North Korea's harvest is predicted to be worse than usual, exacerbating already severe food shortages in the country, a monitoring group says.
Using satellite images, Swiss-based Geoglam said drought had affected crops in an area known as the "cereal bowl".
The UN says four in 10 North Koreans need food aid and crop production is at its lowest level in five years.
Shortages are made worse by international sanctions on North Korea over its weapons programme.
In May food rations – which feed about 70% of the North Korean population – were cut from 550g (19.5 oz) to just 300g per person following poor results in this year's early harvest.
The country's main harvest in the southern provinces of South and North Hwanghae and South Pyongyan was complete but was estimated to have produced a below-average quantity of crops, Geoglam said.
This was due to "irregular rainfall and low reservoir levels during the summer", the organisation said, adding that North Korea's overall food situation was not expected to improve.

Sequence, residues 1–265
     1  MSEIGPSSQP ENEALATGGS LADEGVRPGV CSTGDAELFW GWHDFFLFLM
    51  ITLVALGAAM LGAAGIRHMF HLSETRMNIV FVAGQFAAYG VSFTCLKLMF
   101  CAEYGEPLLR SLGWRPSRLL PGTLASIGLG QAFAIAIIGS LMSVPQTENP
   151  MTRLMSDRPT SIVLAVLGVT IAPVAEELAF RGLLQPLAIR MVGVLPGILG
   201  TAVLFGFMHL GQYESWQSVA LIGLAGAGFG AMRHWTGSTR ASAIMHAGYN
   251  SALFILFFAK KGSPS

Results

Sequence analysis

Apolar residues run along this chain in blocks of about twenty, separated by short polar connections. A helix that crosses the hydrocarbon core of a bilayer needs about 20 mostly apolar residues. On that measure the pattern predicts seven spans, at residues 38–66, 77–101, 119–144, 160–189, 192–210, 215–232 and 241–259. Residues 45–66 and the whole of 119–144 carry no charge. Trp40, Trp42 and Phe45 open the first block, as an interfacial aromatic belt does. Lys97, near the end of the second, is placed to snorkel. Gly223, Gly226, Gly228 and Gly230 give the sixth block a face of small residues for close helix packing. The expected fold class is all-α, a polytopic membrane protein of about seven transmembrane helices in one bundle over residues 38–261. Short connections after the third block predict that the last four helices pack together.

North Korea experienced severe droughts in spring and summer, and in September the country was hit by Typhoon Lingling, which flooded farmland.
In September the UN's Food and Agriculture Organisation (FAO) said poor rice and maize harvests had left more than 10 million people in urgent need of assistance.
The country has also had to cope with a regional outbreak of swine fever in its pig herd, leading to reduced pork production.
Earlier this year a UN team found families surviving "on a monotonous diet of rice and kimchi most of the year, eating very little protein", according to a report by the World Food Programme. The report said some families were eating protein only a few times a year.